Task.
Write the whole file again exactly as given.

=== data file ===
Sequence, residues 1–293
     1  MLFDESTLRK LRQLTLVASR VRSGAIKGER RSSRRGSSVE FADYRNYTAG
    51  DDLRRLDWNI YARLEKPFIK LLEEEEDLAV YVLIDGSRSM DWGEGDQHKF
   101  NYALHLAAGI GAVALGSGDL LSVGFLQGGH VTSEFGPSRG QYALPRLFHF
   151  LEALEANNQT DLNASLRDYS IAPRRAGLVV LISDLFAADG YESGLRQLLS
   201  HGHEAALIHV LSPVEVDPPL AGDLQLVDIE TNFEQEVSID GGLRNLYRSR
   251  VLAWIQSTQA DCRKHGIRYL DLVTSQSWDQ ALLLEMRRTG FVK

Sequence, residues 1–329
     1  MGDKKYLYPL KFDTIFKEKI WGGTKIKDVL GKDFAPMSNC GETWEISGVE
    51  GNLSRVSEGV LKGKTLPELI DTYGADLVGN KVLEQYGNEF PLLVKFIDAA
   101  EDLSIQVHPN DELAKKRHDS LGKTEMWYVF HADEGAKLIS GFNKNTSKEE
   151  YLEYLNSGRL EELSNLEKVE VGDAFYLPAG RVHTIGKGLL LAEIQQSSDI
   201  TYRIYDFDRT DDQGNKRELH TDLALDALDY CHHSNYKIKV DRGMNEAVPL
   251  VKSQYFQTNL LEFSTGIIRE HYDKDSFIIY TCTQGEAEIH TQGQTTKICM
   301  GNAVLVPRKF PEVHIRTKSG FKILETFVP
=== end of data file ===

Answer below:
Sequence, residues 1–293
     1  MLFDESTLRK LRQLTLVASR VRSGAIKGER RSSRRGSSVE FADYRNYTAG
    51  DDLRRLDWNI YARLEKPFIK LLEEEEDLAV YVLIDGSRSM DWGEGDQHKF
   101  NYALHLAAGI GAVALGSGDL LSVGFLQGGH VTSEFGPSRG QYALPRLFHF
   151  LEALEANNQT DLNASLRDYS IAPRRAGLVV LISDLFAADG YESGLRQLLS
   201  HGHEAALIHV LSPVEVDPPL AGDLQLVDIE TNFEQEVSID GGLRNLYRSR
   251  VLAWIQSTQA DCRKHGIRYL DLVTSQSWDQ ALLLEMRRTG FVK

Sequence, residues 1–329
     1  MGDKKYLYPL KFDTIFKEKI WGGTKIKDVL GKDFAPMSNC GETWEISGVE
    51  GNLSRVSEGV LKGKTLPELI DTYGADLVGN KVLEQYGNEF PLLVKFIDAA
   101  EDLSIQVHPN DELAKKRHDS LGKTEMWYVF HADEGAKLIS GFNKNTSKEE
   151  YLEYLNSGRL EELSNLEKVE VGDAFYLPAG RVHTIGKGLL LAEIQQSSDI
   201  TYRIYDFDRT DDQGNKRELH TDLALDALDY CHHSNYKIKV DRGMNEAVPL
   251  VKSQYFQTNL LEFSTGIIRE HYDKDSFIIY TCTQGEAEIH TQGQTTKICM
   301  GNAVLVPRKF PEVHIRTKSG FKILETFVP